Playing in clubs across Dallas and Fort Worth, Burns ran into Kim Davis, a guitarist whom he’d known since he was 14 years old. By this point in time, he’d already been jamming with Stevie Ray and Jimmy Vaughan. He even went to Austin to jam with Stevie and his band the Nightcrawlers, whose lineup also included Doyle Bramhall on drums and vocals, bassist Keith Ferguson and organist Billy Ethridge.
“The only drawback was that all they wanted to play was the blues, and I wanted to rock,” he said. “When we came into contact with Kim Davis, we knew he was ready to rock too, so he was definitely the man for us.”
The band changed its name to Point Blank in 1974 and eventually released six albums, including Point Blank in 1976, The Hard Way in 1980 and their final album On a Roll in 1982, before calling it quits in 1984. They would reunite 20 years later at a benefit show in 2005 and release two more albums: 2006’s Reloaded, a live album, and 2009’s Fight On!, their first studio album in 27 years.
In the summer of 2015, Burns was diagnosed with inoperable squamous cell carcinoma with two small tumors in his right and left lung and on his trachea. According to his wife Marsha's Facebook post, the doctors gave him a possible survival time of six to 12 months if left untreated.
On January 11, they decided to leave their home in Fort Worth and move to Denver where he could receive medical treatment that was currently not legal in Texas. “We were climbing the cancer mountain,” Marsha wrote.
He was doing much better a couple of weeks prior to their move. It was New Year’s Day, and his wife posted that Burns had been in his home recording studio on and off all day creating what she called “beautiful new worship music to our Lord God Most High.”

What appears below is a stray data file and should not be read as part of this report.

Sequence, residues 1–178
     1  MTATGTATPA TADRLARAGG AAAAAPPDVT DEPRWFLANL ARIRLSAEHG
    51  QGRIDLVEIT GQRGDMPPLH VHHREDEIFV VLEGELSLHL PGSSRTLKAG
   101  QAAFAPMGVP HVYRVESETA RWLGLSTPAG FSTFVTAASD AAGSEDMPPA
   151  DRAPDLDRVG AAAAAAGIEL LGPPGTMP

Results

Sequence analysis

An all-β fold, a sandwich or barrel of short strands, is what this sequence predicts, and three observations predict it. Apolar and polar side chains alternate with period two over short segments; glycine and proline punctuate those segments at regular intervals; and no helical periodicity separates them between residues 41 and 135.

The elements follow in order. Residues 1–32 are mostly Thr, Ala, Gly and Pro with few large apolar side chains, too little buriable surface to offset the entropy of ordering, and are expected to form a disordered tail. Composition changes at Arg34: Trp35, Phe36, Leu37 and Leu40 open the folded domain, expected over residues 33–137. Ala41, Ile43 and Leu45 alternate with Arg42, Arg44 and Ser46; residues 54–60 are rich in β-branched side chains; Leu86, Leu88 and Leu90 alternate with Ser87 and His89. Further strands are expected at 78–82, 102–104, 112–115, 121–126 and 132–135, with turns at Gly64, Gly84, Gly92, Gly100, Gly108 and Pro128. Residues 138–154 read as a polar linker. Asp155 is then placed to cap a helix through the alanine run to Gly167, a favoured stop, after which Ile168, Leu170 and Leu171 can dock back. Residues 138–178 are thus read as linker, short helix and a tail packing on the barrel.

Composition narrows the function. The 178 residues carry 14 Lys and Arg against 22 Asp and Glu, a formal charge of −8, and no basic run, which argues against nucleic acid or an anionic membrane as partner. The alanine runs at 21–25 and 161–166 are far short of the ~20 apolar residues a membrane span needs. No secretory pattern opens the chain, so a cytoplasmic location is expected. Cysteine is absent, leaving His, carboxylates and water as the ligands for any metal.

A GoFundMe account soon appeared online with the goal of raising $20,000 to help with medical expenses: "As most of you know, Rusty Burns has played numerous benefits for all of his music brothers and sisters in need. He has a heart of gold, and you can always count on his help. This time he needs yours."
Like many self-employed musicians, Burns did not have health insurance and fighting cancer is a costly battle. To fight lung cancer costs anywhere between $60,000 to $92,000, according to data from the National Cancer Institute. It’s a price that most people can’t afford even with health insurance.
Sadly, it was a battle that he couldn’t win. He died nearly seven months after his initial diagnosis.
"For a guy that played everything upside down and backwards, he did pretty good for himself," says Burns' friend and fellow musician Buddy Whittington. "Rusty had the gift of music — not just the guitar, but he had an innate understanding of music itself. "
In a 2009 interview, Burns was asked about the sorry state of the blues in Texas since most blues artists struggle to find the limelight and are relegated to playing small bars.
“There’s an old saying about record labels in America,” Burns said. “Labels are looking for 23-year-olds with a 28-inch waist. I’m 57 with a 30-inch waist so it doesn’t seem that I fit that criteria. So what do you do? You continue to play wherever you can for people who appreciate your music because it touches them."
“Point Blank was never fashionable but is definitely appreciated,” he added, “and I can live with that.”